Stahl, S.M. (2011). Psychotherapy as an epigenetic ‘drug’: Psychiatric therapeutics target symptoms linked to malfunctioning brain circuits with psychotherapy as well as with drugs. Journal of Clinical Pharmacy and Therapeutics. doi:10.1111/j.1365-2710.2011.01301.x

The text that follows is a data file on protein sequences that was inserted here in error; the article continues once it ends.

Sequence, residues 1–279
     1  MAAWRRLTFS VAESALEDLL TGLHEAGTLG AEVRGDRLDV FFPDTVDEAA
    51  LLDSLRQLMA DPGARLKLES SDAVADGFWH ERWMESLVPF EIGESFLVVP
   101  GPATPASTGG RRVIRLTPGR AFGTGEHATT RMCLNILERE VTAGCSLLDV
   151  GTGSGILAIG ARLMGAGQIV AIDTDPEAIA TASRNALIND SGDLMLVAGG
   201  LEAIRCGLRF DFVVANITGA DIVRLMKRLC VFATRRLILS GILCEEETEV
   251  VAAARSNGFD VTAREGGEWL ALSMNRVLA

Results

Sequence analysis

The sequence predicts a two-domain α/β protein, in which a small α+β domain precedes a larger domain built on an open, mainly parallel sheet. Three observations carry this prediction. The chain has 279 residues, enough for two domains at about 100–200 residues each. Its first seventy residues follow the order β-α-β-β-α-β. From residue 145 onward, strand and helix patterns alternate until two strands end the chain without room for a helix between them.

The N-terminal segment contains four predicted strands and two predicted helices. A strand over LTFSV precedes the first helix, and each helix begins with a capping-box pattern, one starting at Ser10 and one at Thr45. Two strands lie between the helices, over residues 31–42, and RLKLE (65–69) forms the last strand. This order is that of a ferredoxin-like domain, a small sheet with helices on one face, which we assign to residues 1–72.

Psychotherapy may be just as effective as psychopharmacology in treating psychiatric disorders. Psychotherapy focuses on psychodynamic and psychoanalytic prinicples while psychopharmacology is based on neurobiology. In the past, more emphasis was placed on psychopharmacology to treat psychiatric disorders. This article suggest that a psychotherapy could change the brain chemistry, eliciting the same results as drug therapy. Circuits in the brain are affected by efficiency of information processing. Many different disorders, that have various symptoms, are marked by inefficiency to process information, this could be too high or too low. By stimulating brain activity, symptoms of the disorder should be alleviated. Psychotherapy can now be defined by its psychodynamic aspects and its capability of inducing epigenetic changes in the brain. The best approach is to combine psychotherapy and drug therapy. A study found that using cognitive behavior therapy and SSRIs to treat SSRI resistant depression was more effective than just medication treatment. This combination of treatments was also found more effective in treating adults with depression. The article states the best therapies to use in this combined approach are cognitive behavior therapy and interpersonal therapy. Psychotherapy can activate epigenetic changes in the brain, or change brain circuits. This is the effect that psychopathic medications can also elicit. Given the limitations of both psychotherapy and pharmaceuticals, a combination of the two is best for therapies.